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On unilateral contracts

In the common law of contracts much significance is attributed to the distinction between bilateral contracts (formed by an exchange of promises) and unilateral contracts (formed by the exchange of a promise for the completion of an act or acts stipulated by the promisor). The distinction is still writ large in the Restatement (Second) of Contracts: see, e.g. § 30 (offer may invite or require acceptance to be made by affirmative answer in words, or by performing or refraining from performing a specified act); § 32 (in case of doubt an offer is interpreted as calling either for acceptance by promise or performance at the offeree’s election); § 45 (where an offer invites an offeree to accept by rendering a performance and does not invite a promissory acceptance, an option contract is created when the offeree tenders or begins the invited performance or tenders a beginning of it). As a conceptual category, unilateral contracts may have some limited practical value in making enforceable promises that unequivocally require the promisee to engage in acts and, by implication, to incur the associated expenditure of time and resources. The classic example is the “reward” contract: (“I promise to pay $100 to the person who finds my lost dog Fido and returns him to me”). If someone goes to the trouble of searching for Fido and succeeds in finding and returning him to his owner, I guess that most of us would think it only right that the law should compel the promisor to pay up. So the concept does do some useful work.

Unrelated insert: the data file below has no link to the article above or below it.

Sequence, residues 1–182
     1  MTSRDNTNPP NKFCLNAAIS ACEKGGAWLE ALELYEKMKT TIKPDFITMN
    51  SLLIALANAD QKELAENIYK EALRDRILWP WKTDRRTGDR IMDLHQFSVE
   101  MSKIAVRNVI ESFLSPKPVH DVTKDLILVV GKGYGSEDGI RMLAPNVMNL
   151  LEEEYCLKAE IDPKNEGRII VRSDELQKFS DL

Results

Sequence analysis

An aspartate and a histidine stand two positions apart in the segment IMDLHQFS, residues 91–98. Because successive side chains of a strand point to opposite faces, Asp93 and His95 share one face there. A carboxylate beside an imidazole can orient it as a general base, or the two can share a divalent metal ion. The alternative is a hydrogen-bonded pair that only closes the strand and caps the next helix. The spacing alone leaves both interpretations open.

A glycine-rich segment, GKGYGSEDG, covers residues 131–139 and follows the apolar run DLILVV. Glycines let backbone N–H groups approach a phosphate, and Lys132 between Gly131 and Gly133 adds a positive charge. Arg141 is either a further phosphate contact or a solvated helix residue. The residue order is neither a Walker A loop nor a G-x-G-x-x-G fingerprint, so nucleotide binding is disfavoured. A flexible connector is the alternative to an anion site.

However, to my mind, the common law overemphasizes the importance of unilateral contracts in ways that are unhelpful from both a teaching and learning and a real-world perspective. The binary structural distinction between bilateral and unilateral contracts implies that both concepts have equal practical value. Accordingly, if we’re not careful, students begin to see unilateral contracts everywhere when, in truth, they are outliers. As it happens, contract law is structurally biased in favour of bilateral contracts and this makes sense from a practical perspective. Most parties want to be sure that they are legally bound before they begin performing rather than expend time and resources in performing acts that will only result in formation of a contract at some future point. Even so, I frequently see students confuse “performance” of an act leading to the formation of a unilateral contract after completion of the act with “performance” of a legally binding obligation under a bilateral contract, a much more important and practically significant concept.